The Reserve Bank of New Zealand (RBNZ) is expected to announce no changes to its monetary policy settings, although may offer some hawkish hints towards policy normalization as early as this year, given the improvement in the economic outlook.
The rate decision will be announced on Wednesday at 02:00 GMT and as we get closer to the release time, here are the forecasts by the economists and researchers of seven major banks regarding the upcoming central bank's meeting.
According to FXStreet’s Dhwani Mehta, a hawkish surprise could lift the kiwi but US inflation data holds the key.
“The RBNZ will acknowledge that domestic activity is showing some strong momentum. The single biggest surprise for the RBNZ was the 1.6% rise in March quarter GDP, against their forecast of a 0.6% drop. That result will probably also prompt the RBNZ to revise up its assumption about the economy’s potential, but the net effect will still be a significant positive surprise. The RBNZ will also acknowledge the extent of current price pressures, and the increased risk that some of these price rises could become persistent rather than temporary. Unusually, the RBNZ review comes a couple of days before the June quarter CPI release.”
“We expect the RBNZ to acknowledge the stronger starting point, the tighter labour market, and rising inflation risks, and thereby set the scene for kicking off the hiking cycle this year. We have been emphasising for some time that the risks were becoming strongly skewed towards lift-off this year. Now that the market is there, it’s more likely. We are now forecasting the RBNZ to start hiking in November, lifting the OCR in steady steps to 1.75% by February 2023. The market is already pricing in almost 90% odds of a hike by November, and “one and a half’ hikes by February. As such, the hurdle for a hawkish surprise is high. We expect the MPR to validate, rather than spur on, expectations for earlier hikes (but post-MPR data could do that).”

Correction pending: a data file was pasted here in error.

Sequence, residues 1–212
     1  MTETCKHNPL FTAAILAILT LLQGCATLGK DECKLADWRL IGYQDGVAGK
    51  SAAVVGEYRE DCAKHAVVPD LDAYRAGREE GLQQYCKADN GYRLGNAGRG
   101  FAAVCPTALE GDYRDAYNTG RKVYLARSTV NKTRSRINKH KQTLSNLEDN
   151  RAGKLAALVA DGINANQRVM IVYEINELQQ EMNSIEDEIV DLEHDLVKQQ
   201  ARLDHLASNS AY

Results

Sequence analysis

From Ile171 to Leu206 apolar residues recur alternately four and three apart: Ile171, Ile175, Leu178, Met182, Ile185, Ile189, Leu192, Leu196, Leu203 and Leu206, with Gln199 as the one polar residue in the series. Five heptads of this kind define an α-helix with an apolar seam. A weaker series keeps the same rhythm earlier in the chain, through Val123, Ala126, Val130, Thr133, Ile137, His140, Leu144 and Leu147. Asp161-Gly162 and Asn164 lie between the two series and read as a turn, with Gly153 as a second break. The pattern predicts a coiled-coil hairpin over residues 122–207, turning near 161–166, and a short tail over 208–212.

“We think the data, especially coming from the Q2 survey, should provide the RBNZ with sufficient confidence to sound constructive at next week’s meeting, even amid ongoing uncertainty in the travel sector. The sharp increase in tightening expectations that has taken place over the past week or so (OIS markets are pricing in a 25% probability of a rate hike by August at the time of writing, up from approximately 8% a week ago) however raises the question of whether the RBNZ will be actually able to meet the market’s aggressive outlook. Front-end AUDNZD implied vols are trading close to the bottom of the recent ranges, suggesting that markets are likely positioned for an RBNZ policy outcome that does not challenge market expectations. So while we do not see in the data or in the news flow a strong enough reason to push against the market narrative, we are wary that that bar to meet expectations is increasingly high, and that the FX asymmetry is very clearly in the direction of an outcome that fails to meet market expectations.”